In the bank’s investor day last year, JPMorgan demonstrated the relationship between the investment bank and the rest of its services. The ideal situation is one in which that an investment bank can “feed” the operations of other parts of the bank, and not just the Commercial and Investment Bank (CIB) – the asset and wealth management operations also get a share of the pie, as well as its salespeople and traders and the hosts of service providers, such as its payments team.

What does JPMorgan do?

In JPMorgan's example, a client looking for private capital funding might come to JPMorgan's investment bank for an Equity Private Placement (EPP). An EPP is a sale of stock away from the public markets (i.e., stock exchanges), and involves the commercial banking part of JPMorgan's money lending facility, as well as JPMorgan's private bank (to source potentially eligible buyers).

Similarly, if a corporate client (a company) wants to expand, it might come to JPMorgan's investment bankers to discuss M&A. The client will then work with JPMorgan's corporate bankers, who might provide a loan to fund an acquisition, or with the private bank, which also supplies a potential source of lending. The commercial bank can also identify potential targets and buyers through its own network, which assists with the investment bank’s support of the corporate client.

When an Initial Public Offering (IPO) happens and a client company sells a portion of its stock (also known as its equity) in the public market for the first time, it will come through JPMorgan's ECM bankers. They will liaise with JPMorgan's markets professionals to help sell the equity, and with JPMorgan's private bankers to provide potential sources of finance and to manage the founder's wealth (when the IPO is driven by a wealthy company founder).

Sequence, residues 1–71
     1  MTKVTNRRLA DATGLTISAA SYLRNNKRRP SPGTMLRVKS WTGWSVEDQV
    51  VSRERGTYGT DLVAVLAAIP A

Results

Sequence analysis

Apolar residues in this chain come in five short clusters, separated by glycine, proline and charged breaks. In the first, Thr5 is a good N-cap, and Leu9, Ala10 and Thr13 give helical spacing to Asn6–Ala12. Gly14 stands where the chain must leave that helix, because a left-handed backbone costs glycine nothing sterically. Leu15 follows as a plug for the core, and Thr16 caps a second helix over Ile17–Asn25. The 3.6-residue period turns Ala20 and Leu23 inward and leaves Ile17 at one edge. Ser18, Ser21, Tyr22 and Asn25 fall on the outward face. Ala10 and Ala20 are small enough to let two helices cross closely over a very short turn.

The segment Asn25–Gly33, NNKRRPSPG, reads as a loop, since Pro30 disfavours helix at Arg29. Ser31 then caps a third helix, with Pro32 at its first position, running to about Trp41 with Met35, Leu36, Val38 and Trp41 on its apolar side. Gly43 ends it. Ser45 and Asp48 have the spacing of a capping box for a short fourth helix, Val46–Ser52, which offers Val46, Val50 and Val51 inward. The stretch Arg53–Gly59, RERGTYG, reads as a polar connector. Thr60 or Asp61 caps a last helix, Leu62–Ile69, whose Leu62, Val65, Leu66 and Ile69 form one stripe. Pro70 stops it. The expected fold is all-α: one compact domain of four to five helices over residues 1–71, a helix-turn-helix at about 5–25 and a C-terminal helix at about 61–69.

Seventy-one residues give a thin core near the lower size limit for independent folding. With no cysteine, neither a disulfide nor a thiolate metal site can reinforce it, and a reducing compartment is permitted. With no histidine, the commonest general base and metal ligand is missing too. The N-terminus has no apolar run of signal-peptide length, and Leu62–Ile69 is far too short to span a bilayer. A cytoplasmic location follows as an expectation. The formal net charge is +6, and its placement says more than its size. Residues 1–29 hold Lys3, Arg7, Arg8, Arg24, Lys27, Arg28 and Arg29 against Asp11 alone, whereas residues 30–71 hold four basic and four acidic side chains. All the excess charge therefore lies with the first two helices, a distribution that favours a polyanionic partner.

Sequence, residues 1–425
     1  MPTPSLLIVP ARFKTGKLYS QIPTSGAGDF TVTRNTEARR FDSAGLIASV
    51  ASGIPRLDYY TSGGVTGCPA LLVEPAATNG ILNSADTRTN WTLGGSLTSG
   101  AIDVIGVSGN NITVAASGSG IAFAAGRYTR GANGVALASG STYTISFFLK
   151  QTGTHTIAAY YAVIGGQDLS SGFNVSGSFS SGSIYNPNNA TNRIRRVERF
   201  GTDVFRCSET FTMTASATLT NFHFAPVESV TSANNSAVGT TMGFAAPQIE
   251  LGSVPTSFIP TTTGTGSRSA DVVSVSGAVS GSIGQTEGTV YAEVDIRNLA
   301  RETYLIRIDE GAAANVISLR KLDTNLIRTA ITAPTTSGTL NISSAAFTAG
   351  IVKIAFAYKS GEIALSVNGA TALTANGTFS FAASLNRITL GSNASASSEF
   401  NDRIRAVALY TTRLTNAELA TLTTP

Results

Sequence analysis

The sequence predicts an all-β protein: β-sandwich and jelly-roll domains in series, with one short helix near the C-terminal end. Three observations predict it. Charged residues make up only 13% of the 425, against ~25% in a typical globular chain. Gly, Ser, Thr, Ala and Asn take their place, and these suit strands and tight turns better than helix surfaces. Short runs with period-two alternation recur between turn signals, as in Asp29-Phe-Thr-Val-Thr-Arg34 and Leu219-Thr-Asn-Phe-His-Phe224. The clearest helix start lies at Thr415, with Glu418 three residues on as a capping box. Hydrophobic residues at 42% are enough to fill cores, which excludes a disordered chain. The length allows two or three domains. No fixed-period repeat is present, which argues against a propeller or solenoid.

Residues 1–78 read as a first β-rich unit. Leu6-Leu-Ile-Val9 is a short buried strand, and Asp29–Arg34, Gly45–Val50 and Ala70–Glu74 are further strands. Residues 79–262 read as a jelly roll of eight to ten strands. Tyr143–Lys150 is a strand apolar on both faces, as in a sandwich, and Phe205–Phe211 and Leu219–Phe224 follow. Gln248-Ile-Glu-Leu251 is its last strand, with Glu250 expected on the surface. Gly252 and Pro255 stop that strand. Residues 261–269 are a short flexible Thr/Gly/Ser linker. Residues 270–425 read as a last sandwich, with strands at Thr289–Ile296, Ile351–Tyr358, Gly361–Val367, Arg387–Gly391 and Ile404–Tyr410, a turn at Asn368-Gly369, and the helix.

On top of this, not only does JPMorgan’s commercial bank benefit from feeding the M&A process domestically by connecting investment bankers with JPMorgan's commercial banking clients, it does the same thing internationally for the same reason (although generally targeting takeover targets). It also benefits from a pre-formed relationship when a company is spun off from a parent...

What does a private bank do in an investment banking deal?

A private bank is just a fancy normal bank – the kind you and I use. The main difference is that, due to their net worth, Ultra-High Net Worth Individual (UHNWI) has access to investment options, services, and attention that you and I don’t.

Aside from typical UHNWI services such as tax, insurance, trusts, and estate planning, banks also offer their private banking clients exclusive access to some bank-operated investment vehicles such as hedge funds, as well as first dibs on newly-issued securities, such as after an IPO.

In our example with JPMorgan - the private bank also manages client shares in an EPP, as well as offering investment opportunities both to and for its clients during the IPO process. Additionally, once an IPO is complete, the private bank can continue its relationship with a company founder – and benefit from a “regular” private banking relationship with an UHNWI.

JPMorgan’s payments team, meanwhile, is silently in the background facilitating all the above-mentioned economic activity (and taking a slice of the transactions home as profit). This web of relationships can be beneficial. JPMorgan estimated in its presentation that for every dollar generated by investment banking clients, the bank received an additional 1.4 dollars in “additional franchise revenue”, reinforcing the cycle.

What does Goldman Sachs do?

JPMorgan isn’t the only big investment bank in the world.

It also isn’t the only one interested in cross-selling its services. Goldman Sachs’ investor day last year also brought an insight to its activities – although they didn’t call it “cross-selling”, but rather “One Goldman Sachs”. The bank’s presentation showed that investment banking, sales & trading, asset management, and wealth management were the main pillars of the initiative.

The bank’s example “One Goldman Sachs” solution involved a wealth management client being referred to the investment banking team for debt financing, which moved into the asset management team that was involved in secondary, or “junior” debt financing. Finally, the proceeds flowed back to the wealth management team.

The initiative works; 91% of the bank’s clients work with 3 or more Goldman businesses, which lead to a 445 basis point increase in investment bank fee share, and a 255 basis point increase in sales & trading fee share.

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AUTHORZeno Toulon